Although this story is well known and has led to significant advancements in the design of experimental research studies, most of this effect has been categorized as deleterious, leading to the use of double blind studies and the control of various forms of bias (e.g. observer-expectancy effects). But if this story is taken in a different direction, it could well prove to be a useful artifact for helping students respond to problem solving prompts.
Basically, van Osten owned Clever Hans, an Orlov Trotter horse, and claimed that the horse could count. “Hans was said to have been taught to add, subtract, multiply, divide, work with fractions, tell time, keep track of the calendar, differentiate between musical tones, and read, spell, and understand German” (https://en.wikipedia.org/wiki/Clever_Hans). The horse answered by tapping its hoof to count out the answer. Later, under investigation, it was documented that the correct answer could only be provided when the questioner knew the correct answer and was visible to the horse. Basically, the questioner was providing prompts to cue the horse when to stop tapping.
Let’s take this idea the other way by asking what’s wrong with providing students with prompts that lead them to a correct response. Or what’s wrong with teachers providing students various expectations, be they for the style of writing, the amount of productivity, or the focus of intellectual operations, etc.
In WRN, the problem-solving process begins with development of a prompt. In a different blog, we described prompts as having specific intellectual operations. Another aspect of the prompt, however, is its architecture. Prompts can be considered to have three parts (see example below). They should begin with a context that provides sufficient information for the student to write with an audience in mind and frame their response inside a situation (red font). The middle part (blue font) should focus on the intellectual operation and orient the student to the depth/breadth of their response. Finally, the last part presents/anticipates the kind of concepts (and vocabulary) the student is to use in their response. Following is an example of a prompt designed for a university course entitled “Evidence-Based Decision Making” that is taken by Master’s degree students.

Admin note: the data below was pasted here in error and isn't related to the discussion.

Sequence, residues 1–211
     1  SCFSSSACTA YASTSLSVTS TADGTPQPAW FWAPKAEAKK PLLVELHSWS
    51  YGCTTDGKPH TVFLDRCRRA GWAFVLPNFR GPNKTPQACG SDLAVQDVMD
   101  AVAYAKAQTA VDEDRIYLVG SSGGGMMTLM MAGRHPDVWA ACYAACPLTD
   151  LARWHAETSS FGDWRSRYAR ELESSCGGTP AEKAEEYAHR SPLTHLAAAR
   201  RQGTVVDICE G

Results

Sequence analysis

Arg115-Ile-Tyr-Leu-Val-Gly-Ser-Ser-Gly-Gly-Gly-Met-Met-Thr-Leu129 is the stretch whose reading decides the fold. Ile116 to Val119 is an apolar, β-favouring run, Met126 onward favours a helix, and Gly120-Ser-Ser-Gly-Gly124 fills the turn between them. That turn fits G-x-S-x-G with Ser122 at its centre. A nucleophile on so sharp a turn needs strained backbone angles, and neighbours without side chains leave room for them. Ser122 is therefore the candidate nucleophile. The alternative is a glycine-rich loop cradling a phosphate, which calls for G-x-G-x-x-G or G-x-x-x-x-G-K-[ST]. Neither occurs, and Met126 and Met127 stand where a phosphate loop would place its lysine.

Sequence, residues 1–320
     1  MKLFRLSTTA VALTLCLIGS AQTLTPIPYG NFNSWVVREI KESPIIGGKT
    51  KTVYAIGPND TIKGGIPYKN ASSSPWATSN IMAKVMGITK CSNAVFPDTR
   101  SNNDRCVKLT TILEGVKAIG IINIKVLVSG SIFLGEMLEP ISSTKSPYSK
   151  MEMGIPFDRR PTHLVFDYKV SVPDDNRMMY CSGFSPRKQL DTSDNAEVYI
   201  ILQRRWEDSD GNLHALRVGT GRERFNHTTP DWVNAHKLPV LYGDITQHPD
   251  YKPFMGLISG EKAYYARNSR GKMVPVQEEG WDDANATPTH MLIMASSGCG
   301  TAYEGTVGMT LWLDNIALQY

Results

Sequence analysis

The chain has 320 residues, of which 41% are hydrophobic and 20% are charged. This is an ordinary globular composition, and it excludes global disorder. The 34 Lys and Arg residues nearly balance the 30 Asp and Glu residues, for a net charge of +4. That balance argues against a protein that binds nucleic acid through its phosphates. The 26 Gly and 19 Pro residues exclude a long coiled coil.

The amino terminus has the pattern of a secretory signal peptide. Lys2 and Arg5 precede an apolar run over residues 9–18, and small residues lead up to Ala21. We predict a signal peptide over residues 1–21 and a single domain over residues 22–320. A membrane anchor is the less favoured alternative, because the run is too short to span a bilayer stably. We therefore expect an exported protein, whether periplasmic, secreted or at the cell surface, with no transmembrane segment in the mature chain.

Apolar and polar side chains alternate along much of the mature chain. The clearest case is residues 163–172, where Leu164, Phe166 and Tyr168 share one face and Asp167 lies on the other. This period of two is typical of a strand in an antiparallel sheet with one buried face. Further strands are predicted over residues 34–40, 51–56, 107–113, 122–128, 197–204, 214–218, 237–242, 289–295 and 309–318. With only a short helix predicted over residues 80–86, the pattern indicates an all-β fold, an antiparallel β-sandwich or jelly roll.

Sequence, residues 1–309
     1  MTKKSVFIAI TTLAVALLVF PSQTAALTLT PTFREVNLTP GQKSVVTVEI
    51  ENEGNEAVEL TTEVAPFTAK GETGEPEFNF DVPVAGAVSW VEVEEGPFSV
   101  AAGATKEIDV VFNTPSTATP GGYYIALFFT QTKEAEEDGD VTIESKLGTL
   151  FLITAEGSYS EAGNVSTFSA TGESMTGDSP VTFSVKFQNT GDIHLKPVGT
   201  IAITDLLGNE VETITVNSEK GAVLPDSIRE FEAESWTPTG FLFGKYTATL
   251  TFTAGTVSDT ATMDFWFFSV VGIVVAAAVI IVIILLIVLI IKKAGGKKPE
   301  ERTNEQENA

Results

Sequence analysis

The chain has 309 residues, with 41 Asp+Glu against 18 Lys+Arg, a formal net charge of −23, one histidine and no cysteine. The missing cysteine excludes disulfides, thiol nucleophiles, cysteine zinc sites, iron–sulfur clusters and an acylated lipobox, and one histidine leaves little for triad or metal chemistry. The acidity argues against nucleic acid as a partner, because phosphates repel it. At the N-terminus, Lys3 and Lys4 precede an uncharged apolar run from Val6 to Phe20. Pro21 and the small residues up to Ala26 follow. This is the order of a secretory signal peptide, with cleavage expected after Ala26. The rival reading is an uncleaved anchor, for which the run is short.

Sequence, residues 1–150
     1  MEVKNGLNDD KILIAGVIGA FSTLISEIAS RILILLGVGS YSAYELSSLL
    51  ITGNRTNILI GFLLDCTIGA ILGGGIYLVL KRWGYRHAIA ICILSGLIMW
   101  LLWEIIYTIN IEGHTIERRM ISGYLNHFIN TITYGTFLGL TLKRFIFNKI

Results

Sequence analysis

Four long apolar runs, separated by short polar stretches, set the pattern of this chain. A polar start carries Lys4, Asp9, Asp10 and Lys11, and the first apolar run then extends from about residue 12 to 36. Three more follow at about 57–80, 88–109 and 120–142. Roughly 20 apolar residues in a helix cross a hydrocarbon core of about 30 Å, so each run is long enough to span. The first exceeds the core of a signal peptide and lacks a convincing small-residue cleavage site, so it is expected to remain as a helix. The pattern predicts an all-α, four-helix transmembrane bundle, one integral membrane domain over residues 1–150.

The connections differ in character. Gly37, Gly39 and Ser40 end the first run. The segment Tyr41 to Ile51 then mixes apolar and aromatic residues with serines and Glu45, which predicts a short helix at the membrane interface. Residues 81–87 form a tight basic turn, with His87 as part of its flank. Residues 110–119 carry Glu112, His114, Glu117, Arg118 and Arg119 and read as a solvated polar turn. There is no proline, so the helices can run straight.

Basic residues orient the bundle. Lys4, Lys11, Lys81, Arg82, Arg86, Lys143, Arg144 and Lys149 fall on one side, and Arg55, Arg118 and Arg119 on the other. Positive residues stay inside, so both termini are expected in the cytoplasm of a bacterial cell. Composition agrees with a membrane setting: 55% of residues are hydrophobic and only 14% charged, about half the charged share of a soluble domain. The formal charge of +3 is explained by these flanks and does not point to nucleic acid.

You have been asked to research a topic related to your eventual thesis. The first step involves outlining important aspects of any kind of empirical research, whether it is a specific intervention or an evaluation of a program. Briefly describe the technical adequacy issues you need to address in designing and conducting your research. You can list various questions or critical issues that you would consider to ensure your study provides the right kind of evidence for making sound decisions. Consider all you have learned in this course that deals with study design, reliability, validity, and decision-making.
Moral of this blog: Setting clear expectations for students provides a solid foundation for them to use in framing their responses. These expectations are delivered not just in the classroom overall, but in the prompts being used to document student problem-solving proficiency.